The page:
Westinghouse may not be the biggest name in the TV biz right now, but the company did bring some eye-catching products to this year’s CES.
It’s playing the 4K game like just about every other TV maker, but unlike its competitors, Westinghouse is also thinking beyond the living room.
Need an example? Try the company’s 85-inch 4K "interactive whiteboard" designed for business and classroom use, one that costs a 4K TV-esque price of $13,999 (£8,542, AU$15,515).
It also comes in 55-, 65- and 70-inch varieties with 1080p displays, but the Ultra HD 85-inch version was the star of the show.
Westinghouse envisions the giant touchscreens being used in business settings, for presentations and meetings, as well as in classrooms. Interestingly, they can come with an optional "PC module" that mounts on the back and runs Windows 8; alternately users can plug in their own Windows 7 or Windows 8 computers.
You can use your fingers to draw and tap on the interactive whiteboards, but they also come with a fat "touch pen" stylus.
Class in session
The whiteboards come with special software, called WScribe, that provides handwriting recognition, drawing tools, special interface features, and more that should be perfect for education and business settings.
This interface software also provides various templates, like a football diagram that can be used to map out and discuss plays.
With the provided touch pen stylus, we wrote "TechRadar" on the screen over a video playing in the background. The whiteboard failed to recognize our admittedly imperfect cursive, though when we switched to normal writing it had no trouble translating it to typeface.
Westinghouse Marketing Communications Manager Brett Hunt said it will learn users’ handwriting over time, so your chicken scratch should be legible after some quality sessions with the boards.
Aside from failing to pick up our script, these whiteboards looked gorgeous and felt great and responsive to use, whether with fingers or with the stylus (Westinghouse likes to brag about its (6-point Touch system with Intuitive Rapid Response").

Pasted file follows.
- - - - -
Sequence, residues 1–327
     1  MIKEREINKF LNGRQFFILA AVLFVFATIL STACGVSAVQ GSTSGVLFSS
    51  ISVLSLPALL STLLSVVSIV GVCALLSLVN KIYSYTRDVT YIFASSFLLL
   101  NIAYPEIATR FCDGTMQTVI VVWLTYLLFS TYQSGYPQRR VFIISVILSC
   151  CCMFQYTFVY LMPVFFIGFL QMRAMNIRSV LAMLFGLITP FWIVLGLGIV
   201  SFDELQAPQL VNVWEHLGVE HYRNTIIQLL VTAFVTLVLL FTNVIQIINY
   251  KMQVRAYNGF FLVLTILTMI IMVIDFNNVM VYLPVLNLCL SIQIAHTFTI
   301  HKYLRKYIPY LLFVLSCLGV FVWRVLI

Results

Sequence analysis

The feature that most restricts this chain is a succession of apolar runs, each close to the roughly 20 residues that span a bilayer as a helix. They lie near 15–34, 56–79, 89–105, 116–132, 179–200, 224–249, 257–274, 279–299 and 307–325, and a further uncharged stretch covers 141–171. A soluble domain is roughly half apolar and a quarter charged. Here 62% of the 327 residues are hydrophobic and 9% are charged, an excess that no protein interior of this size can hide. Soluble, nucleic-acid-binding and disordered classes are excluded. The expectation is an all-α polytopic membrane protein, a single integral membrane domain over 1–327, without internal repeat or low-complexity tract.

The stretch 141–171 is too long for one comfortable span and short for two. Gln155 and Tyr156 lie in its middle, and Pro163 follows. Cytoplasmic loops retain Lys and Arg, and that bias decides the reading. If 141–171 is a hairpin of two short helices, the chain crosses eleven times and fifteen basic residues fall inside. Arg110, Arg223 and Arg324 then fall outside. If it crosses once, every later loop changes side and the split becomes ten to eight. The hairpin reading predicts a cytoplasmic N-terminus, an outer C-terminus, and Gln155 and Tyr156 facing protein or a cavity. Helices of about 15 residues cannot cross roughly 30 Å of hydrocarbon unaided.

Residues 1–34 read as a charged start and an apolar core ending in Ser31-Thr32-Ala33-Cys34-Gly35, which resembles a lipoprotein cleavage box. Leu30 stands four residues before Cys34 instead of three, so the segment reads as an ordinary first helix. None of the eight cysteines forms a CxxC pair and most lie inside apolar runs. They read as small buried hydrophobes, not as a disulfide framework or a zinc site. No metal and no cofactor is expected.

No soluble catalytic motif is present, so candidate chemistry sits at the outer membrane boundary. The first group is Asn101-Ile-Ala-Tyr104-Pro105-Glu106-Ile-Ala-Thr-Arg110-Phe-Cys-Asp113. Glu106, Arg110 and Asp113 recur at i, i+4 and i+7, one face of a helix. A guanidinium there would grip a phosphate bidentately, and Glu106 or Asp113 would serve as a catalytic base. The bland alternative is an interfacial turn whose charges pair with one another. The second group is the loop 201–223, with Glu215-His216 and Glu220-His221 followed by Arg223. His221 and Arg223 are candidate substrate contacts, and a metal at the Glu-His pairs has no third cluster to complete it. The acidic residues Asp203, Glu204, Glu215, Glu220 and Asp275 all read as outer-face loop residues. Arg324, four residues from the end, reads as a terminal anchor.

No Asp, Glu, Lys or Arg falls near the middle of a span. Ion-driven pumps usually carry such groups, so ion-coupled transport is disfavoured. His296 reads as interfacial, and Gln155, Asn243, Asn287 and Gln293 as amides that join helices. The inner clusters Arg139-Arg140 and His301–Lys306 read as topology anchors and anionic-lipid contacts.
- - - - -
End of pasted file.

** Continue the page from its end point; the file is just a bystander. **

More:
The 55-, 65- and 70-inch whiteboards go for $2,999 (£1,830, AU$3,324), $4,999 (£3,050, AU$5,541) and $5,999 (£3,660, AU$6,650), respectively, and all come in 1080p. They’re available now. The 85-inch 4K version, on the other hand, will cost $13,999 when it launches in the first quarter of 2014.
‘Like The Jetsons and The Flintstones combined’
Westinghouse also had numerous TVs on display, including full HD and Ultra HD sets ranging in size from 39- to 85-inches. But its two other televisions, a Smart TV and an adorable retro-style unit, were more interesting by far.
Unfortunately, both are just prototypes for now. Westinghouse doesn’t currently offer any Smart TVs because the company believes most consumers already have game consoles, set-top boxes, and other devices capable of running apps like Netflix, Hunt told TechRadar.
And the company has no plans to develop a Smart TV for market on its own, though "we might partner with somebody else to develop [a Smart TV] with us," Hunt said. "We don’t have a set date for that yet."
More interesting was the 22-inch 1080p "retro" TV also present in the company’s suite. The set looks like what people in the 60s thought the future would be like – it’s anachronistic, both old and futuristic at the same time.
"If you had an extra room that’s a retro room that would be kind of cool," Hunt said of the set. "It’s like The Jetsons and The Flintstones combined."
The picture looked great – despite all the 4K hoopla, full HD is far from outdated – and the design was utterly charming. All it needs is some fake bunny ears, and it could easily sit on the shelves in Urban Outfitters next to coffee table books about marijuana, novelty camera lenses, and slinkies.
Unfortunately that may never occur, as Hunt said the company brought the retro TV to CES simply to gauge people’s response to it. The ironic thing is that it was easily the most striking thing Westinghouse has produced in some time – so here’s hoping they follow through.
- Two works: Bendable. TVs.